Whatever the explanation, the reality now is that the U.S. is once again engaged in a military conflict in Iraq and Syria of indeterminate length and uncertain success. And, like his predecessor’s Iraqi war effort, Obama is trying to create an international “coalition of the willing” to help defeat IS. To date, however, the largely U.S.-led campaign of targeted air strikes has not appeared to have had much success in rolling back IS’s territorial gains. That leaves open the possibility that at some point the U.S. may have to increase its troop commitment beyond the nearly 2,000 now stationed in Iraq if Obama’s war aims are to be reached – a troop increase that many military experts suggest is inevitable.

Nor has President Obama appeared to heed candidate Obama’s advice, as exemplified in the opening quote to this piece, to conduct foreign policy in a more collaborative, bipartisan and constitutionally-acceptable manner. In fact, as noted above, Obama has cited the Bush-era authorization of military force as the legal basis for the current bombing campaign against IS. Critics contend that this smacks of presidential imperialism. In truth, however, Obama’s actions are consistent with those of his predecessors’, almost all of whom have sought to protect the presidency’s ability to fulfill its constitutional prerogative to defend the nation from attack. As Madison argues in Federalist 51, this effort to defend the presidency as an institution is both expected and desirable: “But the great security against a gradual concentration of the several powers in the same department, consists in giving to those who administer each department the necessary constitutional means and personal motives to resist encroachments of the others. The provision for defense must in this, as in all other cases, be made commensurate to the danger of attack. Ambition must be made to counteract ambition. The interest of the man must be connected with the constitutional rights of the place.” Under Madison’s reasoning, it is Congress’ role to push back against this assertion by Obama of prerogative power.  However, as I noted in this previous post, many congressional Republicans are applauding Obama’s newfound militarism while most Democrats do not want to take on their own president heading into a midterm election.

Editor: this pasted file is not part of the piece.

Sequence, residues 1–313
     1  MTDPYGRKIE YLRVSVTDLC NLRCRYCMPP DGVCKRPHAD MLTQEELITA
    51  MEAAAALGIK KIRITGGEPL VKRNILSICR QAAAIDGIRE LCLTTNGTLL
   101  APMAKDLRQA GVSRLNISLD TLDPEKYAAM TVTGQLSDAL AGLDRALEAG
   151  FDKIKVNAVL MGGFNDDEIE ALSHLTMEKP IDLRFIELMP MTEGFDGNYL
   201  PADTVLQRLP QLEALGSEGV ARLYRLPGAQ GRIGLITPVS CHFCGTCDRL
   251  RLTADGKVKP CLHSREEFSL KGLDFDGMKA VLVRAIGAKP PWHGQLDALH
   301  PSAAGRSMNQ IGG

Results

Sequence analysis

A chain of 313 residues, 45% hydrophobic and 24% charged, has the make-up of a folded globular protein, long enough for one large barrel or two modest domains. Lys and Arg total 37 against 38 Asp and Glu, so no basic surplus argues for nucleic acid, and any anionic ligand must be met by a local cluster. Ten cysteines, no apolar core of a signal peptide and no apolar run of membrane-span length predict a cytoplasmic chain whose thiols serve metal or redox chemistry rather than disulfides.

We should not be surprised, then, that as President, Obama more closely resembles President George W. Bush than he does Senator or candidate Obama. In the modern era, the United States – as the sole superpower – no longer has the luxury of choosing whether to take the lead in foreign affairs. That is a burden that cannot be removed, no matter how much Americans may yearn for – and candidates may promise – a return to normalcy. And the President, as the embodiment of national sovereignty, simply cannot delegate this leadership role to any other political actor.

In his study of American government Woodrow Wilson wrote, “The President is at liberty, both in law and in conscience, to be as big a man as he can.” In the modern era, however, as presidency scholar Richard Neustadt reminds us – and as President Obama has discovered – the president “nowadays cannot be as small as he might like.”

Senator Obama – meet the big man: President Obama.

Bombing ISIS: A New Imperial Presidency?

“The Constitution,” the eminent political scientist Edward Corwin famously declared, “is an invitation to struggle for the privilege of directing American foreign policy.” I was reminded of Corwin’s assessment when reading Yale law professor Bruce Ackerman’s recent New York Times op ed piece, in which Ackerman castigates President Obama’s justification for his decision to  initiate military action designed to “degrade and destroy” the Islamic State (ISIS). For Ackerman, Obama’s willingness to authorize air strikes without congressional approval smacks of “imperial hubris”, and “marks a decisive break in the American constitutional tradition.”